It was a sunny February Friday morning in Monsey, New York, and a friend invited me to attend an estate sale. I’d never been to an estate sale, and I wasn’t even sure exactly what it was, but for some reason I decided to go along.

“Here’s to new experiences,” I thought, and hopped into his car.

We arrived at the advertised address—a small attached home. We parked in front and went inside.

The house was small and cozy. People were milling about picking up knickknacks and asking for prices. “A dollar-fifty for this, four dollars for that,” said a good-natured middle-aged man.

Turns out the owner is an elderly woman, and her children were handling the logistics of the sale, haggling and making small talk with the slow-moving crowed filing through the house.

As I walked deeper inside, I spotted the dining room piled high with items for sale. In the middle were a ceramic matzah dish and two brass candlesticks. I didn’t pay much attention to them at the time. Not really interested, I thought.

Those candlesticks had a plan. I wasn’t going to let them down this time.

As I perused, I began to feel some sadness; all these items comprised 50–60 years of memories. Now those memories were laid out for all to see and buy. But the family seemed cheerful enough, which helped me feel better about the whole thing.

Eventually we each found something to buy, if just to make the owners happy. On the way out, the older woman, the owner of the house, wished us “Good Shabbos.” We wished her the same, and left.

Driving away, the image of the candlesticks for sale on that dining room table stayed in my mind. Why am I still thinking about them? I wondered. Soon I felt more clarity: I had completely missed an opportunity!

The candlesticks displayed on the table.
The candlesticks displayed on the table.

It was close to noon, time to pick up the kids from school. As I drove, the candlesticks spoke louder. Those candlesticks had a plan. I wasn’t going to let them down this time.

I stopped at the bakery and picked up a fresh challah. I picked up the children, and told them about our mission. I stopped off at home to pick up two candles and the accompanying glass holders that sit atop candlesticks, and a Shabbat Table Companion book.

We headed back to the estate sale, hoping the candlesticks hadn’t been bought in the meantime.

The plan was now in full motion. I was excited, as were the kids. We parked in the same spot, piled out of the van and filed inside.

Whew! The candlesticks were still there!

I searched for the older woman, and asked her if the candlesticks were for sale.

“Yes,” she replied, asking her son to give us a price.

“Eight dollars for the pair,” he said.

“Deal,” I said while pulling out my wallet and giving him the money.

I began to feel some sadness; all these items comprised 50–60 years of memories.

The mother went to the table, took the candlesticks and put them in my hands.


I held them, my kids watching my every move. I then looked her softly in the eye and spoke.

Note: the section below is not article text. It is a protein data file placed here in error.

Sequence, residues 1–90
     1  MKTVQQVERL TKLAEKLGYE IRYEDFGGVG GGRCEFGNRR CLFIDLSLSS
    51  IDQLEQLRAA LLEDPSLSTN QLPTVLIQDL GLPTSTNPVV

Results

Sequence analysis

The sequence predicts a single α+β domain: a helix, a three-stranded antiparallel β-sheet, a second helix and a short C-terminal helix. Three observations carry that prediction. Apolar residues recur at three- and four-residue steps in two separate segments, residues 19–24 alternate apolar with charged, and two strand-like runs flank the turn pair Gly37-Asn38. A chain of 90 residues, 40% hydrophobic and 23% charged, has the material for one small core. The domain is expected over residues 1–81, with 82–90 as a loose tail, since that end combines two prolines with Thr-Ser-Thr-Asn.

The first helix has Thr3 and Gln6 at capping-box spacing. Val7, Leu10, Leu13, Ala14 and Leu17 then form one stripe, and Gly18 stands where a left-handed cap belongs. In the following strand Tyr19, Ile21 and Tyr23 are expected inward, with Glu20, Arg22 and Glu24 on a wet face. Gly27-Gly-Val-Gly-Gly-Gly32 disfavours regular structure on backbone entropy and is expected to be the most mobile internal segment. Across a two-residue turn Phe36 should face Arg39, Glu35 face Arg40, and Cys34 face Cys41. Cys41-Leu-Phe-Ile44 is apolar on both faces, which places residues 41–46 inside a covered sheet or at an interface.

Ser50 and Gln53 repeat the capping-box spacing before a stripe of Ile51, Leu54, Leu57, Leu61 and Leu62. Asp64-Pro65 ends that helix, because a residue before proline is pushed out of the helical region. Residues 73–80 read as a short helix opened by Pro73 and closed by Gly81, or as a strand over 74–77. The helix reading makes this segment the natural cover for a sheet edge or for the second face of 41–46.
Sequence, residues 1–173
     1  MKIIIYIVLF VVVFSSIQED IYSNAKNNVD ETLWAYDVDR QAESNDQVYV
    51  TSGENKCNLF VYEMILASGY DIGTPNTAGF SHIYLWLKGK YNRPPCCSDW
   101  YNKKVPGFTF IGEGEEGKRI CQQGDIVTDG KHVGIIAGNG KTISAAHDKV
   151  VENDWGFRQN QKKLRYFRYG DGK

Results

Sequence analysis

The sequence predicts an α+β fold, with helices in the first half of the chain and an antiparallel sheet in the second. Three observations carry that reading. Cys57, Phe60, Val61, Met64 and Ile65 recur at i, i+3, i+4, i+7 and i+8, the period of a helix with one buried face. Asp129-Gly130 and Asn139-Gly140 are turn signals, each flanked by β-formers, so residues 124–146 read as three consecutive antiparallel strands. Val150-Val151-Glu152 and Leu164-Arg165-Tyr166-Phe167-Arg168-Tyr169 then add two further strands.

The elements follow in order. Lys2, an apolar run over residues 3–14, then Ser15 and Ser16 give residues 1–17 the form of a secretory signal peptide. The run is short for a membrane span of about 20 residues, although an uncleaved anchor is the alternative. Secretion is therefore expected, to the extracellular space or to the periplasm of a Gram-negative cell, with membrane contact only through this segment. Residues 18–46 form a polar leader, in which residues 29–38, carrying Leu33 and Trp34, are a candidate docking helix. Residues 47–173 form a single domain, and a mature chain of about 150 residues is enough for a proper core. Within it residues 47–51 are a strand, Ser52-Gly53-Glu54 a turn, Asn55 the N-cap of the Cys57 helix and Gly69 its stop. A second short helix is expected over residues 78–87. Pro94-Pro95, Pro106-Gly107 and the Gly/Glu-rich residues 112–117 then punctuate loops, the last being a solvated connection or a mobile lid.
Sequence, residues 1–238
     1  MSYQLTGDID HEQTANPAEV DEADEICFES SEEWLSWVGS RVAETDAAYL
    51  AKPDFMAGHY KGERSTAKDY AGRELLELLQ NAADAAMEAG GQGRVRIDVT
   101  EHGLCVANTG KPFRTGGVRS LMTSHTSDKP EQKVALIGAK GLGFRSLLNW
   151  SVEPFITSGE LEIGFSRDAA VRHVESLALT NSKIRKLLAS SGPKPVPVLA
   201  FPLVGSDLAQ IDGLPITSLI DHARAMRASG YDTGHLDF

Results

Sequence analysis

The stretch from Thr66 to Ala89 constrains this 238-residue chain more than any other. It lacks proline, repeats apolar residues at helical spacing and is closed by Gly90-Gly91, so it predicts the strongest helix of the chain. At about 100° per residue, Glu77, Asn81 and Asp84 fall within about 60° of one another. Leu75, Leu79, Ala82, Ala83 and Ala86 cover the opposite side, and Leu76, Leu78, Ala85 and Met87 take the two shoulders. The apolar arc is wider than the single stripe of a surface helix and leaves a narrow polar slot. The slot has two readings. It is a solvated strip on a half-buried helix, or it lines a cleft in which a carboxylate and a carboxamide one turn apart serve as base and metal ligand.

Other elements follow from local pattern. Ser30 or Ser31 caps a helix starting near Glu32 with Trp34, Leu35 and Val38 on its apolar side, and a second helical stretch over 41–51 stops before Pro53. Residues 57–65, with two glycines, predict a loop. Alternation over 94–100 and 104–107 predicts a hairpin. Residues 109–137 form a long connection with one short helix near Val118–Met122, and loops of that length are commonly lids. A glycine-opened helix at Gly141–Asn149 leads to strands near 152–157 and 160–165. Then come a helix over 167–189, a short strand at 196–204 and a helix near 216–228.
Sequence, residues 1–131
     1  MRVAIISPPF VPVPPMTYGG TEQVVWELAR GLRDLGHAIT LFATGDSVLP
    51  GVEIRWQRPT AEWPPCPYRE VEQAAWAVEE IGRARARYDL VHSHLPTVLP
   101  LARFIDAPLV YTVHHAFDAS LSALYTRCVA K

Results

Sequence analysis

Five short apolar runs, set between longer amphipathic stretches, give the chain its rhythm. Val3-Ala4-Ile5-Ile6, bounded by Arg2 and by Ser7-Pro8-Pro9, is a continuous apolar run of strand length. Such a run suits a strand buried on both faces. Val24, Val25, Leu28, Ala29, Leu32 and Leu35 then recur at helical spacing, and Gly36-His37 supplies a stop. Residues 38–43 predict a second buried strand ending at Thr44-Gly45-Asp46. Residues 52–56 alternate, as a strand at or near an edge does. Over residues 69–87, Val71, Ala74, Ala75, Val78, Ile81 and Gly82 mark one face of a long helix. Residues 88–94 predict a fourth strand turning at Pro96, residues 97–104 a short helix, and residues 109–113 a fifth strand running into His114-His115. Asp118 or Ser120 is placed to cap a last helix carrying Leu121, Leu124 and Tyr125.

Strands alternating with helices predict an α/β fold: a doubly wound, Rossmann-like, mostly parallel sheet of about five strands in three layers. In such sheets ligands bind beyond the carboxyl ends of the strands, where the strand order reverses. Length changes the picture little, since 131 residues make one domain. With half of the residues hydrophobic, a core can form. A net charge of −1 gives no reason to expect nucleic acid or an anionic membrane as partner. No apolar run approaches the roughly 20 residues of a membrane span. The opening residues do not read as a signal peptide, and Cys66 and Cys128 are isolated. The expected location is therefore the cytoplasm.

“Do you know why I came all the way back and bought these candlesticks?”


“I came back together with my children to buy them from you, so we can give them back to you. We want these candlesticks to stay in your dining room, continuing to illuminate your home every Friday and holiday night.”

Tears welled up in her eyes.

Mine soon followed.

Our daughter Hindy gave her the bag with the candles and glass holders.

Moishy gave her the challah.

Chana gave her the Shabbat Table Companion.

Tziporah with her "new" candlesticks.
Tziporah with her "new" candlesticks.

The woman’s son came over to see what was happening, the daughter following close behind.

Their mother told them what we’d done.

There were hugs and tears between them. Even the strangers rummaging through the estate items stopped to stare, as if overcome by the outpouring of G‑dly light radiating from the Jewish souls of this beautiful family.

The mother finally spoke, and told us her Hebrew name is Tziporah, and she went to Hebrew school as a child, but not much followed.

She warmly accepted our gift, and assured us that she “already knows the berachos (blessings).”

“We want these candlesticks to stay in your dining room.”

On our way out, her son said to me, “Just as you offered Mom a gift, we want to give you a gift—here, please take the eight dollars back. What you’ve given us today is worth so much more than a few dollars.”

I politely declined, and asked instead that they share with my family the merit of the mitzvah of lighting Shabbat and holiday candles.

“Agreed!” he said. The mom and daughter also nodded their heads.

We left as we came, but now we traveled on spiritual clouds. We felt part of something bigger, something raw and deep, profoundly connecting our Jewish souls. It was this feeling that kept us warm on that winter day as we prepared for Shabbat.

But most of all, I feel fortunate that our children got to experience our unique “transaction.” I hope the experience has taught them to look for opportunity even when it isn’t apparent at first glance.

This true story happened in 2012.